what to say (or not say) to a bereaved parent

I was able to have a heart-to-heart discussion with one of my friends lately where I finally found the courage to admit that I am really frustrated by how most people have been treating me since my son’s death.

When Brock passed, the initial outpouring of support that we got was nothing short of amazing.  I received flowers, cards, hugs, money, keepsakes and condolences from more people than I can count, many of whom I barely knew, or didn’t know at all.  A big handful of friends and family (and again, even a few perfect strangers) made the long journey to his visitation to show their support… there were way more people than I expected, and it was truly heartwarming.  I was really surprised by the turnout.  I think I had assumed people wouldn’t take our loss seriously, since he’d passed before birth, and there had never been a baby to ‘know’, but they proved me otherwise.  I found a restored faith in humanity when I was reminded how kind, caring, and sensitive people could be when they wanted to (or needed to be).

Unfortunately, 2 and a half months later, I need to admit that I feel a bit neglected.  For the first couple of weeks, people would check in on my husband and I pretty often, and every time someone said that they were thinking of us or asked if we needed anything, I felt a little bit better knowing that others cared so much about our well-being.  Since then, there’s been radio silence from most everyone; it’s pretty much only been close friends and family that have continued to make an effort to help us through things.  And, to be honest, I feel like I need the support now more than ever.  The first month whipped by me in a shell-shocked blur, and now that things are really setting in and my life deviates further and further away from what I thought it would be, now is when I could really use the comfort and reassurances of friends and family.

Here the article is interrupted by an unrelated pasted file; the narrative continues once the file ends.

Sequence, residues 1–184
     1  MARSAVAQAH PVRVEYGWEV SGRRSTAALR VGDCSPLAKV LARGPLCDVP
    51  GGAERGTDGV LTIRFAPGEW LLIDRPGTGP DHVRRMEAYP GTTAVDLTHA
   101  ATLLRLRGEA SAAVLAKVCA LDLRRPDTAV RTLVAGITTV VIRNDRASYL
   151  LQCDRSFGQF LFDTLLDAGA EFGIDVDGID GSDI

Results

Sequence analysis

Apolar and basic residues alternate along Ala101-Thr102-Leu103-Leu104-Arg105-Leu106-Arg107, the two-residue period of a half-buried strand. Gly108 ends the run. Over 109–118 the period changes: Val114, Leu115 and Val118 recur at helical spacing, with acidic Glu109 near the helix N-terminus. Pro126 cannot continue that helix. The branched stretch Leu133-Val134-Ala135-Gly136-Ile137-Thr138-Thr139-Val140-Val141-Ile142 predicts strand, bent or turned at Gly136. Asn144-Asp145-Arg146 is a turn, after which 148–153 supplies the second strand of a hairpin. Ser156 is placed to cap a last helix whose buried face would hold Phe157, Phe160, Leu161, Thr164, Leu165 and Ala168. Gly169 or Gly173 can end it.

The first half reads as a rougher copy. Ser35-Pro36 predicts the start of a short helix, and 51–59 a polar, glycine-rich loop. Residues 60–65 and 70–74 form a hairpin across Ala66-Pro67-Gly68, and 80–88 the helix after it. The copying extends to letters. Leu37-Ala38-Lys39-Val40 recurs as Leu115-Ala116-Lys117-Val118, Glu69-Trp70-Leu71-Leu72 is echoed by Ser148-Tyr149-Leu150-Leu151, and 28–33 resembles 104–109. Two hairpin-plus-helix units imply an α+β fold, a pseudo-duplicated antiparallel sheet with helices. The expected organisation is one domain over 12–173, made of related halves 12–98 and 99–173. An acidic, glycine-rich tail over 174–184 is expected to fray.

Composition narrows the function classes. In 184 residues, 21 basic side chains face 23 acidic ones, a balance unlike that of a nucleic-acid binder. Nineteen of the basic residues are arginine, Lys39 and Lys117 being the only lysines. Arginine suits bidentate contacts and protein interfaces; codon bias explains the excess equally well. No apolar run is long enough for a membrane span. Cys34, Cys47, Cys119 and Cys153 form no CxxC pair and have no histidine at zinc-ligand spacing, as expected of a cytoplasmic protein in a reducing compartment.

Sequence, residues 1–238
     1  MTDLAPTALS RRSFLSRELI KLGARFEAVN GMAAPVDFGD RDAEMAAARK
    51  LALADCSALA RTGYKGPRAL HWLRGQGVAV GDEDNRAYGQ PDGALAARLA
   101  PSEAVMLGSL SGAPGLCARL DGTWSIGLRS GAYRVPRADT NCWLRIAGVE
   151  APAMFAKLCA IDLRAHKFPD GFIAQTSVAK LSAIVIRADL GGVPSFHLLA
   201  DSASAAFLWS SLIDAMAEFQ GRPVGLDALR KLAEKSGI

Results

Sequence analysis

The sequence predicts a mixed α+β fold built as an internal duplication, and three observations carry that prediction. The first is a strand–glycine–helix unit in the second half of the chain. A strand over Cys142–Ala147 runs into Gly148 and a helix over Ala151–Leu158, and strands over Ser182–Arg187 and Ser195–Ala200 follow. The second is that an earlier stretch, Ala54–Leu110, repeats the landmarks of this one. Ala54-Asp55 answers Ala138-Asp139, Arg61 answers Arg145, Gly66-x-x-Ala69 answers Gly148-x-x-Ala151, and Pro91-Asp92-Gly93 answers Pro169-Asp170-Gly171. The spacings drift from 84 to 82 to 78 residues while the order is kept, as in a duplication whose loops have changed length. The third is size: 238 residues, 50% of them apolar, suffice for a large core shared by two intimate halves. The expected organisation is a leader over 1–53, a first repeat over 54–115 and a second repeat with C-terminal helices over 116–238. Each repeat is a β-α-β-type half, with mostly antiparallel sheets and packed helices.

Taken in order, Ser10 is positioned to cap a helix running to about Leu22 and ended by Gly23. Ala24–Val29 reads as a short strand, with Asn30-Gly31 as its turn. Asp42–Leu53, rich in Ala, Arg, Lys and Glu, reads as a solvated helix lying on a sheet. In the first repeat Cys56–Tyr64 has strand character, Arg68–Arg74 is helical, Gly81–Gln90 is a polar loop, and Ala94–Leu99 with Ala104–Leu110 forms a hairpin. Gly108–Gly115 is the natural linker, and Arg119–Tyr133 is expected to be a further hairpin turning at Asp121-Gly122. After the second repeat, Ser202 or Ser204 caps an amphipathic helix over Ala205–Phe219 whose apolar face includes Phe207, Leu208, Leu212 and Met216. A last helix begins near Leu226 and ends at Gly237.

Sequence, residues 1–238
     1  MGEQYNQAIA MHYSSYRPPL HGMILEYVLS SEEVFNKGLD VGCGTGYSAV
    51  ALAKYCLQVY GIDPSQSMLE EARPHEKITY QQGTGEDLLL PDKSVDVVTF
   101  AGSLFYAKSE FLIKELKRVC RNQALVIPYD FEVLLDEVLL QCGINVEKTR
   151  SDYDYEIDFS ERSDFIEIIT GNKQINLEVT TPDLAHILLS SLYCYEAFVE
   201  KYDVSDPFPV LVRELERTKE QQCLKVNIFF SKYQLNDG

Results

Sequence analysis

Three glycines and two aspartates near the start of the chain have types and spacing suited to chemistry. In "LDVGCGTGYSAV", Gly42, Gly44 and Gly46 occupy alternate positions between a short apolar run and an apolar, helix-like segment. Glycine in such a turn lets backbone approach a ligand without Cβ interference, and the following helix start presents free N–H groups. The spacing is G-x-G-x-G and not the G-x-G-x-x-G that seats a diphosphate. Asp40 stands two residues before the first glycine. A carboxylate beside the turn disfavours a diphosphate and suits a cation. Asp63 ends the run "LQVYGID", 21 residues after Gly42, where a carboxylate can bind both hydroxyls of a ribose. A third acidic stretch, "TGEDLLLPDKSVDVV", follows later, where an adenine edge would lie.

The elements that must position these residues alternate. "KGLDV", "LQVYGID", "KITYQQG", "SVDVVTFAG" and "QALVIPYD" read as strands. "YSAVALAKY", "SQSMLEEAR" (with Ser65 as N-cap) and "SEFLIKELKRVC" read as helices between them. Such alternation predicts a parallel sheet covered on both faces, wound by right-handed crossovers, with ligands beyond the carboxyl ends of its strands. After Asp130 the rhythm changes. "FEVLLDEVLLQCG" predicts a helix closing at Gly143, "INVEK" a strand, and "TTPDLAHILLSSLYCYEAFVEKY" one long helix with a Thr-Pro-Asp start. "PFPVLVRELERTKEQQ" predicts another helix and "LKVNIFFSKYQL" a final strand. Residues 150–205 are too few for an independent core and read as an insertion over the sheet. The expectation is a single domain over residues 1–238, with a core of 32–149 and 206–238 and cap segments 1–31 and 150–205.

I don’t blame people for being a bit awkward around me; after all, before this happened, I would have had no idea how to deal with a bereaved parent, either.  Two days before I found out Brock had passed (the day I had my bad NST), another woman I knew lost her newborn to an illness, and I remember sitting there, crying for her and her family and her little girl, thinking about what a horrible tragedy they had suffered and wondering what I could possibly do to help her.  It’s such unfamiliar territory that you just freeze up, and I felt so helpless, like I could never possibly fathom what she was going through (which, in retrospect, is terribly ironic).  I had no idea what to do, and, therefore, probably did far less than I should have… but I was so petrified of saying or doing the wrong thing and making things worse.